January Jones: Yeah, I guess so. Hitchcock Blonde… Well, I am blonde. I think that the movie does have a cool vibe and I think Hitchcock would be really pleased to get all of these references and things compared to him. I thought it was really smart in that you didn’t know what was going to happen and that her character was very mysterious and undefinable. You don’t know if she’s a good guy or a bad guy, but there’s something very mysterious and eerie about the character. Also, it was an action movie, which I hadn’t really done before, really a fast-paced Hollywood action movie, which was appealing to me. But I think it would have played just as well if I were a brunette, to be honest. It was a really cool experience, just to shoot in Berlin and to have that be a backdrop and make it so gritty and real.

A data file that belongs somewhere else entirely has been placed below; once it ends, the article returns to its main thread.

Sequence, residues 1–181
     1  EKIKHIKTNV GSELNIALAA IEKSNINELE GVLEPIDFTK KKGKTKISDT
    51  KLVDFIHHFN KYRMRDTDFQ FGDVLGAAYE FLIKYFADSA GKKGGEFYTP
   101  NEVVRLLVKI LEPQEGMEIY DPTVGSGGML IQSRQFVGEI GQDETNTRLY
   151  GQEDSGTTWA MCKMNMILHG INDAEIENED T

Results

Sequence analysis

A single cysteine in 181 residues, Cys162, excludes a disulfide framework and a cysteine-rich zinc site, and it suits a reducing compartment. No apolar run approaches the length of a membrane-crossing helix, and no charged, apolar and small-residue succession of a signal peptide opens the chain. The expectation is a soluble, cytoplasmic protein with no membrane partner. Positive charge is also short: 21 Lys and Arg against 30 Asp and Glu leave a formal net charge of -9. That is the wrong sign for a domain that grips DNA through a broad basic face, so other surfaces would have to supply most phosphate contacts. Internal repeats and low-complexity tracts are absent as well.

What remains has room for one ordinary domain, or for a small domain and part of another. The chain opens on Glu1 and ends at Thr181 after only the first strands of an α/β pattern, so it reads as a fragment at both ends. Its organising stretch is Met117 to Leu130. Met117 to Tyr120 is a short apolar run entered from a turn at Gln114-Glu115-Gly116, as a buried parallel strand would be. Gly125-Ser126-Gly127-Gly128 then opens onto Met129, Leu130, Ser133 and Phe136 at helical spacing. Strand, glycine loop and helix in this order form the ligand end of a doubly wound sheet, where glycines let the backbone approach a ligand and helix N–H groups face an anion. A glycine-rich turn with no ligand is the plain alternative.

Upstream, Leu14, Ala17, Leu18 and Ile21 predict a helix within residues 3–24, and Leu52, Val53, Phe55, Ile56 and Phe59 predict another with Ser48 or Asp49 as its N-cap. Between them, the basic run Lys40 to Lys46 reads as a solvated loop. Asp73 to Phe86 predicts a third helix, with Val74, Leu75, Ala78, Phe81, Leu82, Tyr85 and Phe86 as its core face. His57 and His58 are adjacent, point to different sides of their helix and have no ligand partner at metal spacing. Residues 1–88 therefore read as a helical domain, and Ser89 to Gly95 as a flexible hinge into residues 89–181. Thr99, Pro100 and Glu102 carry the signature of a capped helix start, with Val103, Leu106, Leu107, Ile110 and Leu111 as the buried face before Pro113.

HitFix: How does being in Berlin and getting to wear those stylized costumes put you into that International Thriller Mode, as it were?
JJ: It was a very Bond-ish spy vibe. My wardrobe was very expensive and stylized. I wore a lot of Burberry and the dresses were either custom-made or like Valentino, and then having your hair and makeup done so perfectly, it was very neat and make it easy to get into the spy character of it all.
HitFix: And what was the impact of being in Berlin?